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Gray Davis’ Trail of Broken Promises

Two days after Democrat Gray Davis was reelected governor of California in one of the nation’s most contentious gubernatorial races, he stuck the proverbial knife into the backs of the millions of California residents who voted for him–albeit reluctantly–by forcing consumers who were victimized by the state’s disastrous experiment with deregulation to contiinue paying sky-high electricity rates as a way to bail out the state’s financially strapped utilities.

When Davis’ reelection campaign kicked into high gear earlier this year, his administration spread a rumor that the incumbent governor was going to order state regulators to slash electricity rates so Davis could win the support from the Californians who abhorred his handling of California’s two-year energy crisis.

The rumor didn’t seem that far-fetched. Davis told the San Francisco Chronicle when he was first elected governor in 1998 that the Legislature’s job is to implement his vision. He hand-picked Loretta Lynch to serve as president of the Public Utilities Commission two years ago, just six months before the energy crisis reared it’s ugly head, and would not allow her to move an inch without first consulting him.

During a press conference last year, Davis said he could solve the state’s energy crisis in “20 minutes” by simply increasing electricity rates. Ultimately, when California’s utilities were left on the brink of bankruptcy and could no longer afford to buy power for its customers, rates went up a record 43 percent and Davis positioned Lynch to absorb most of the backlash from angry consumers so as not to tarnish his reelection campaign. Publicly, Davis criticized Lynch and the record rate hike. But behind the scenes it was Davis who told Lynch to get it done, according to a few of the governor’s long-time aides.

The rate hike was supposed to be a short-term fix and the money was to be used by Southern California Edison, San Diego Gas & Electric and Pacific Gas & Electric, the utilities that were left insolvent as a result of the energy crisis, for the sole purpose of buying electricity for its customers. That much we believed. When power prices plummeted last summer, both utilities were collecting upwards of $500 million a month in extra cash, which could have easily been used by SDG&E, Edison and PG&E to pay off a mountain of debt the companies incurred when the price for power exceeded the legal limit the companies were allowed to charge its customers.

But state regulators wouldn’t allow the utilities to use the money in that fashion because it would have been seen as a sure sign that California was bailing out the three utilities, who lobbied hard for deregulation in the first place, at consumers’ expense and it would have almost certainly tainted Davis’ reelection campaign.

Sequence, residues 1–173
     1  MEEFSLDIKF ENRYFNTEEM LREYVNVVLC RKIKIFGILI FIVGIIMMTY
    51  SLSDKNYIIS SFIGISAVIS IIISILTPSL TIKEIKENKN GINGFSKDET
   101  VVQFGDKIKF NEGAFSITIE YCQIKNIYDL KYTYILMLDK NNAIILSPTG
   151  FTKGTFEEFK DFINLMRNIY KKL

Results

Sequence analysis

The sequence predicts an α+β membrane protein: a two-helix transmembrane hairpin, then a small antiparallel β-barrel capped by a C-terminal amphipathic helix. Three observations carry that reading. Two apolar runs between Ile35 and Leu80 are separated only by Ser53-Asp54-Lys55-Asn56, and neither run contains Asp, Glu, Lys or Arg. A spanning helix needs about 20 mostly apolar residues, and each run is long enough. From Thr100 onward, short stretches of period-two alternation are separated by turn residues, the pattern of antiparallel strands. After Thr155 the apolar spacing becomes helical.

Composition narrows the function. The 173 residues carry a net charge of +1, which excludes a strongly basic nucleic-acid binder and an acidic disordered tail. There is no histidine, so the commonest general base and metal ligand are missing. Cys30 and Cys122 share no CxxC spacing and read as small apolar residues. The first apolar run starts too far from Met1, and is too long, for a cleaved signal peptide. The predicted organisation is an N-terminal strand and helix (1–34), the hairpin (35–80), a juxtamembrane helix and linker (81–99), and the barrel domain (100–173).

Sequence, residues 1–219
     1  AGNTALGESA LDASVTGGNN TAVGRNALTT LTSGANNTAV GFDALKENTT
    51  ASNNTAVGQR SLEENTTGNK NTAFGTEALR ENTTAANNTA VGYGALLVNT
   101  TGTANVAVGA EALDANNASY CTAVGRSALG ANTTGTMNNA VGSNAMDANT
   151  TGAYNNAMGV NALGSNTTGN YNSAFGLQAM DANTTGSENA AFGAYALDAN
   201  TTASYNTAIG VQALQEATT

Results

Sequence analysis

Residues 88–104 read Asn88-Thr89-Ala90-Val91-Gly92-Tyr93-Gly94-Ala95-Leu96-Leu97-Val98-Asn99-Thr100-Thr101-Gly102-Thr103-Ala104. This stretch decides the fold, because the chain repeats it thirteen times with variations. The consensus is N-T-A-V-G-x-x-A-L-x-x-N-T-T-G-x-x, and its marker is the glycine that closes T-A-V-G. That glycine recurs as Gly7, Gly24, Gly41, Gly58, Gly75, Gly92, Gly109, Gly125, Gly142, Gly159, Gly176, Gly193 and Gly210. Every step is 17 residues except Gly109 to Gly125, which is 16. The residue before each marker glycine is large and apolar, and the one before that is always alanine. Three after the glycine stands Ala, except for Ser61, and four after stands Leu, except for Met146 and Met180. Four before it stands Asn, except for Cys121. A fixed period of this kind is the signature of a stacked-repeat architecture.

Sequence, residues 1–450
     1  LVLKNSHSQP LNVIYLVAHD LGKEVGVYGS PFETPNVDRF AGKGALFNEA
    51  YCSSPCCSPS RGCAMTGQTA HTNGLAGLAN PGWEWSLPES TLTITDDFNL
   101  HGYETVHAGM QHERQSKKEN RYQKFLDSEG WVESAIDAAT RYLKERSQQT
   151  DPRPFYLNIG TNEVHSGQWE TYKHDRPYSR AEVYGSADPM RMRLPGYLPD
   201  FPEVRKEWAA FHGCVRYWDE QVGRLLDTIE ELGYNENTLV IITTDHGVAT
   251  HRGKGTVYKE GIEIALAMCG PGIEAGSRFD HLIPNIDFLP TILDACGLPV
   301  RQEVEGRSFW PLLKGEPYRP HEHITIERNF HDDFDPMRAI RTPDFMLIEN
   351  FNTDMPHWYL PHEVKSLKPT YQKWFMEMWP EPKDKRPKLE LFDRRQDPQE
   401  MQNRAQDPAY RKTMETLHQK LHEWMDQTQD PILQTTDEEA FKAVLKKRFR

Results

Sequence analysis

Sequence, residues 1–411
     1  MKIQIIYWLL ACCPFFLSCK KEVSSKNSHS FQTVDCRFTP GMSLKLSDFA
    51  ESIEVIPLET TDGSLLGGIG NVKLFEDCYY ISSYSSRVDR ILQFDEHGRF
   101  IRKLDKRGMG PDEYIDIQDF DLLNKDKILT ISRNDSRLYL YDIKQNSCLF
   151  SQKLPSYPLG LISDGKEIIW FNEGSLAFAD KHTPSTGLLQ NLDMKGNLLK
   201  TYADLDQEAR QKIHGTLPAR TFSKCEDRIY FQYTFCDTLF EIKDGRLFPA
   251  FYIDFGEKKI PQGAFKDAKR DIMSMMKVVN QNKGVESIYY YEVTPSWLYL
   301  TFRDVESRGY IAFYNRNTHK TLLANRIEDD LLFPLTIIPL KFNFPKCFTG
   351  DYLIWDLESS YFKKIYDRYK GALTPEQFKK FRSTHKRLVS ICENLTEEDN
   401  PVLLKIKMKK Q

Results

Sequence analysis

That’s all changed now that Davis is back in office for a second term.

Last week, Davis’ PUC voted unanimously in favor of keeping the rate increase locked in indefinitely and said that the money, an extra $5 billion a year, will now be used by SDG&E, Edison and PG&E to pay creditors. The price of California’s disastrous experiment with deregulation is quickly approaching the $100 billion mark. And it’s the unwitting consumer who is forced to foot the bill.

It’s no coincidence that the PUC vote took place two days after Davis was voted back into office. It’s unfortunate, however, that no one saw this coming because if word leaked out that the PUC was going to sock consumers with the costs of the energy crisis, Davis may not be governor of California today.

Consumer groups, specifically the Foundation for Taxpayer and Consumer Rights in Southern California, sounded an early alarm that the Davis administration would eventually bail out the state’s three largest utilities when the companies cried poverty in late 2000. The activists were called liars and quacks by lawmakers and the media when they dressed up as pigs and challenged the utilities claims of financial distress on the steps of the Capital building in Sacramento. But they turned out to be right all along. It’s Governor Davis who spent the past two years giving Californians lip service.

JASON LEOPOLD can be reached at: jasonleopold@hotmail.com

 

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JASON LEOPOLD is the former Los Angeles bureau chief of Dow Jones Newswires where he spent two years covering the energy crisis and the Enron bankruptcy. He just finished writing a book about the crisis, due out in December through Rowman & Littlefield. He can be reached at: jasonleopold@hotmail.com

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